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Crime Costs
5 scams that could be placing your benefits plan at risk

By many estimates, up to 10% of health-related insurance benefits are squandered through fraud. Putting the figure another way, the Canadian Group Insurance Brokers association says this crime accounted for up to $8 billion in healthcare spending in 2007 alone.

The victims of these crimes are not limited to faceless insurance companies. The cost of fraud can translate into higher service costs, lead to steeper insurance premiums, or sacrifice a plan’s available coverage.

It can even make it more difficult to access a service you need. There was a time, for example, when orthotics could be quickly prescribed to those who struggle with back problems. That process had to be tightened to include formal visits with a medical specialist like a chiropodist or podiatrist as well as a formal examination of your gait.

Unfortunately, thieves have been pretty creative when finding new ways to defraud these valuable programs. Consider these 5 scams that may be putting your coverage at risk:

1. Code breakers

There is no secret that some dental procedures cost more than others. But unscrupulous dental offices have been known to change the codes on their invoices, making it look like the bill for one procedure was actually linked to a different procedure covered by a benefits plan. A close look at the invoice for a new set of crowns, for example, may uncover the codes for a series of fillings; a simple procedure may be described as a complicated extraction.

2. The shoe sham

One Toronto chiropodist offered patients $150 gift certificates to a local sporting goods store, but issued receipts so the cost could be billed to insurance plans, according to a College of Chiropodists’ discipline decision. Patients who received “prescribed” Birkenstock sandals were handed receipts for custom-made orthotics.

It led to a massive cost for benefits providers. In one year alone, he purchased more than $323,000 in gift certificates for this purpose.

3. Bought benefits

Some fraudsters have been known to buy and sell benefits like commodities.

The crime works something like this: A scam artist buys a plan holder’s available coverage for pennies on the dollar. A massage therapist is then paid to issue a bogus receipt, which is then used to claim the maximum amount allowed under the benefits plan.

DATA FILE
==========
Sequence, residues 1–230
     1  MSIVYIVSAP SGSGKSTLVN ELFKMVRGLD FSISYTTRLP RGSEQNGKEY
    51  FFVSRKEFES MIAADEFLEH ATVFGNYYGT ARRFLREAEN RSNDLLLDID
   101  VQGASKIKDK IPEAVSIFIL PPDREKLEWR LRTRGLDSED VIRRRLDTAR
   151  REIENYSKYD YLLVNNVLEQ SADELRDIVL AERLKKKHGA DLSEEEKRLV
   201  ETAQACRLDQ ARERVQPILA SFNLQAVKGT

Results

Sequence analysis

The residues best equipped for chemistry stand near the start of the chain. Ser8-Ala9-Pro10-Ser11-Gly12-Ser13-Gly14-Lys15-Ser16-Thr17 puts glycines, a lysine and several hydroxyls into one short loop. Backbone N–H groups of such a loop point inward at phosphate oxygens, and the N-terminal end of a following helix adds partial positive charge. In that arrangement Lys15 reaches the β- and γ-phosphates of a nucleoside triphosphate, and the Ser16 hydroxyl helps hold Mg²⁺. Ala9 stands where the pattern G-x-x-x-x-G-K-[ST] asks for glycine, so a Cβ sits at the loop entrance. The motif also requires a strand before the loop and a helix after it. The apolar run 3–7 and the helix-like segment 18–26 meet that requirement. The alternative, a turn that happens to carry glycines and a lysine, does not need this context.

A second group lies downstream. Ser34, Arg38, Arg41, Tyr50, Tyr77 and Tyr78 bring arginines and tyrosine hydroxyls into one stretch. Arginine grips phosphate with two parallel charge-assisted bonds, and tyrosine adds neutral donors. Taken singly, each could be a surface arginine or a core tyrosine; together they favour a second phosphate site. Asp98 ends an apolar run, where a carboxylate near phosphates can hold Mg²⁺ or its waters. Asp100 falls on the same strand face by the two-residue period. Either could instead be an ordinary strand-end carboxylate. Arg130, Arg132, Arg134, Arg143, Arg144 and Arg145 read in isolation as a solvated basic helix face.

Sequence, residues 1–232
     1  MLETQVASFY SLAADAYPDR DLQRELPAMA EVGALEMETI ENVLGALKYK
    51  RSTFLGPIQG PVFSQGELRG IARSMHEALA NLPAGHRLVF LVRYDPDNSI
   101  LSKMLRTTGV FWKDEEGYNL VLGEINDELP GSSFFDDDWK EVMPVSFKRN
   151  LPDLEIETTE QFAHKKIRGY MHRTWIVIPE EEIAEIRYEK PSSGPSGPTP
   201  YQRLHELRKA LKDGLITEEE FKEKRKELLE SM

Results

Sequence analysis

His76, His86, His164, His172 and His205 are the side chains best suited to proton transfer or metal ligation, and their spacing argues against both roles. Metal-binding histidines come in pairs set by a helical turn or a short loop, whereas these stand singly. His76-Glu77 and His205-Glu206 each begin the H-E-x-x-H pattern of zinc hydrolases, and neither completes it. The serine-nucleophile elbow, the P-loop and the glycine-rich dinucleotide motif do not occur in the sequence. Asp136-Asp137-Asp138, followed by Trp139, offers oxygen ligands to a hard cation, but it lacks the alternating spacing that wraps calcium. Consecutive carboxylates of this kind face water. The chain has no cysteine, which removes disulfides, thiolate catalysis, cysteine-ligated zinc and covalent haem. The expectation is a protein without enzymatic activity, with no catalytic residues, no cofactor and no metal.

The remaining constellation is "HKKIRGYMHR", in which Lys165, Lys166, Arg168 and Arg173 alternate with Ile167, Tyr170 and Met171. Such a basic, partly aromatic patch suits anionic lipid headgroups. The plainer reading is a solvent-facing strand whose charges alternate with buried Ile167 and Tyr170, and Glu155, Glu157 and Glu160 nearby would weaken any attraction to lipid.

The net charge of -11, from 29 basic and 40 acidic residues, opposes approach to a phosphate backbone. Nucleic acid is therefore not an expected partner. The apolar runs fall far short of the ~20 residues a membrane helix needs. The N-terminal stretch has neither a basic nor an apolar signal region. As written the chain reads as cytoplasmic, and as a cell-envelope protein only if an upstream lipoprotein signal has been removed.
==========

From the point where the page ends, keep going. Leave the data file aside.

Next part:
Plan holders who sell their policy numbers may pocket some short-term profits, but they will also be left exposed to any legitimate medical costs that emerge.

4. “Spa” treatments

In one report, CBC News uncovered spa owners who recorded esthetic treatments as therapeutic massage so the treatments would be covered by insurance plans.

5. Doctored receipts

Plan holders who have already claimed their “calendar year maximums” may be greeted by an offer to change the date on an invoice, to make it look like a procedure was completed in the following year.

It is not the only way that receipts have been doctored. Fraudsters have been known to apply the cost of one client’s procedure to another client’s benefits package, or even charge for services which were never actually performed at all.

Plan holders can help to protect their benefits plan from these scams by asking for detailed receipts which include exact amounts, descriptions of every treatment, and the date of the service. They can also report any suspected fraud through groups including the Canadian Health Care Anti-fraud Association, Ontario Ministry of Health, Workers Safety and Insurance Board, Insurance Bureau of Canada, police, or benefits providers.

For their part, employers can offer different tiers of coverage depending on an employee’s years of service. This will limit the exposure related to short-term employees who plan to defraud the programs as much as possible during their brief time on the payroll.

Unfortunately, these scams are difficult to track. Fraudulent invoices can slip through the cracks without being checked, as benefits providers look to process insurance claims as quickly as possible. And an increase in the number of invoices submitted through a benefits plan may simply indicate that employees are maximizing the value of their programs.

But a little education can educate employees about the true cost of the fraud which puts these programs at risk, and help them take a bite out of this growing and costly crime.

Top Tips:

  • Encourage employees to ask for detailed receipts for any healthcare services, itemizing every treatment as well as the proper date of service.
  • Use tip lines to report suspected cases of fraud.
  • Base the amount of coverage on an employee’s years of service. This will limit exposure to short-term employees who want to defraud plans for as much as possible before leaving the payroll.

The Buzz Bits
Miscellaneous links to interesting benefits information

Did you ever wonder what single thing can make the biggest difference to your health? Click on the following link offered by Dr. Mike Evans, a family physician at St. Michael's Hospital, to find out.

What plan sponsors need to know

Protect your benefits plan from fraud

9 fraud prevention tips for benefits plan members

Community Ethics, Big City Expertise

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